Professor Graham Farquhar AO FAA FRS is this year’s recipient of the Macfarlane Burnet Medal and Lecture. Professor Farquhar, from the Australian National University, presented the Macfarlane Burnet Lecture on ‘Using simple mathematics to explore the plant-atmosphere exchange of carbon dioxide, oxygen and water vapour’ at the Academy's Science at the Shine Dome event in Canberra in May.
The Macfarlane Burnet Medal and Lecture is the Academy’s highest award in the biological sciences. Presented every second year, it is awarded in recognition of research of the highest standing in the biological sciences, and commemorates the contributions to science by Nobel Laureate Sir Macfarlane Burnet OM KBE FAA FRS.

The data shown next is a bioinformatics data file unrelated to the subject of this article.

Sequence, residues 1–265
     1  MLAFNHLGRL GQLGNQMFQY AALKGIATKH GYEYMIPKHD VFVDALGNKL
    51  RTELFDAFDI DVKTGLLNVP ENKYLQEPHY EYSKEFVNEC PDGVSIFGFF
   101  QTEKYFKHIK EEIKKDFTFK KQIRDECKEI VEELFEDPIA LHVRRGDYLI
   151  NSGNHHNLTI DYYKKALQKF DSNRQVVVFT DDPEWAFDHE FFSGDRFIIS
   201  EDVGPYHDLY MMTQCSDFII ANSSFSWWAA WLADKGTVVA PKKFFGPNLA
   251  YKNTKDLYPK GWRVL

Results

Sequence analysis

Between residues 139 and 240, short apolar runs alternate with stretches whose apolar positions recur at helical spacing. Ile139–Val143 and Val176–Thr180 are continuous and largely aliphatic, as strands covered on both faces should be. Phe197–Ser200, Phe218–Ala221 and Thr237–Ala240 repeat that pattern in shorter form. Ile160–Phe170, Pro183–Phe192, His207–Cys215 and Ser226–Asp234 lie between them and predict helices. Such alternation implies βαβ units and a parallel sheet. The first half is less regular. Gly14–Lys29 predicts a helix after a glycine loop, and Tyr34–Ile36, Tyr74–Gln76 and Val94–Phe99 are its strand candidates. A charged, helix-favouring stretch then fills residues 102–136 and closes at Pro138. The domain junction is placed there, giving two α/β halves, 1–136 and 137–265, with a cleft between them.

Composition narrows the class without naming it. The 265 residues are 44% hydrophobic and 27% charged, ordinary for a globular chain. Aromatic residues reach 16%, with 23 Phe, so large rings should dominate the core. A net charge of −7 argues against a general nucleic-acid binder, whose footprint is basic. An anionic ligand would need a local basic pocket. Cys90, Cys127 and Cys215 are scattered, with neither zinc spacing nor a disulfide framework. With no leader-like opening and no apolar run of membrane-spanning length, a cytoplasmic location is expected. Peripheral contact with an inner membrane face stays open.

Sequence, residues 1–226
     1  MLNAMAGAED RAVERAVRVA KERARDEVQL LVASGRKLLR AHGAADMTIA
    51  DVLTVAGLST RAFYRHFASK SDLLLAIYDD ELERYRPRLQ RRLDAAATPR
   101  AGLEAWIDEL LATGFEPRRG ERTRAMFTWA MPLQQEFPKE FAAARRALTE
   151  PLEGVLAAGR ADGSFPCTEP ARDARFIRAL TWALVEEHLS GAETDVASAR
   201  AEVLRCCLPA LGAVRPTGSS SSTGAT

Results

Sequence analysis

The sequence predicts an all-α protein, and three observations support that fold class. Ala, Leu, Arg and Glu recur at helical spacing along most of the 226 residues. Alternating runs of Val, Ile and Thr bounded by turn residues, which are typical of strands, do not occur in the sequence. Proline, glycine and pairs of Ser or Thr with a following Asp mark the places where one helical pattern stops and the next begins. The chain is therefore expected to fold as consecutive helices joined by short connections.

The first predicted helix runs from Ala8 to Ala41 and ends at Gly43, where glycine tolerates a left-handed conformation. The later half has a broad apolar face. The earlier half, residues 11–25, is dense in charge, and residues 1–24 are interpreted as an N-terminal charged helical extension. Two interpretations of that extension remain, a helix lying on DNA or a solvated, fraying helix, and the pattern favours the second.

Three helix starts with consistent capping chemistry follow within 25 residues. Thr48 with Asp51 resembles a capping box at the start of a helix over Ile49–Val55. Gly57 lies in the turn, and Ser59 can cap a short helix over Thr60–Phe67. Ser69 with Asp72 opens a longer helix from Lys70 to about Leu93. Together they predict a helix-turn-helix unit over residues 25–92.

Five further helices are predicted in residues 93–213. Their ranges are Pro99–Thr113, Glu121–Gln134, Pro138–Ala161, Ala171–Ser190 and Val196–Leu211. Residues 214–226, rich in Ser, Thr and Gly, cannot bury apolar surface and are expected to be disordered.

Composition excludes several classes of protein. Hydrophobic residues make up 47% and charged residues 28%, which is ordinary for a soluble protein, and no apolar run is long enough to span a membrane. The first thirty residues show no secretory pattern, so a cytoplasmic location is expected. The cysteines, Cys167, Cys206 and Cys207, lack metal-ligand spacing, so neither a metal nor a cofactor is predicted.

In his lecture, Professor Farquhar explained how plants have an exquisite sense of their environment and remarkable coordination in their responses. His discovery is that simple mathematical treatments based on physical, chemical or economic models give order to our observations of plant behaviour, allowing us to make predictions, including about the effects of environmental or genetic perturbations. He discussed plant growth in a changing climate: predicted and observed multi-decadal changes in carbon dioxide concentration, precipitation and crop demand for water.
He emphasised that modern day research in plant physiology involves physics, mathematics, chemistry, botany, molecular biology, micrometeorology, soil science and other fields, and that theoretical plant physiology is starting to develop but needs to be strongly connected to experimental studies.
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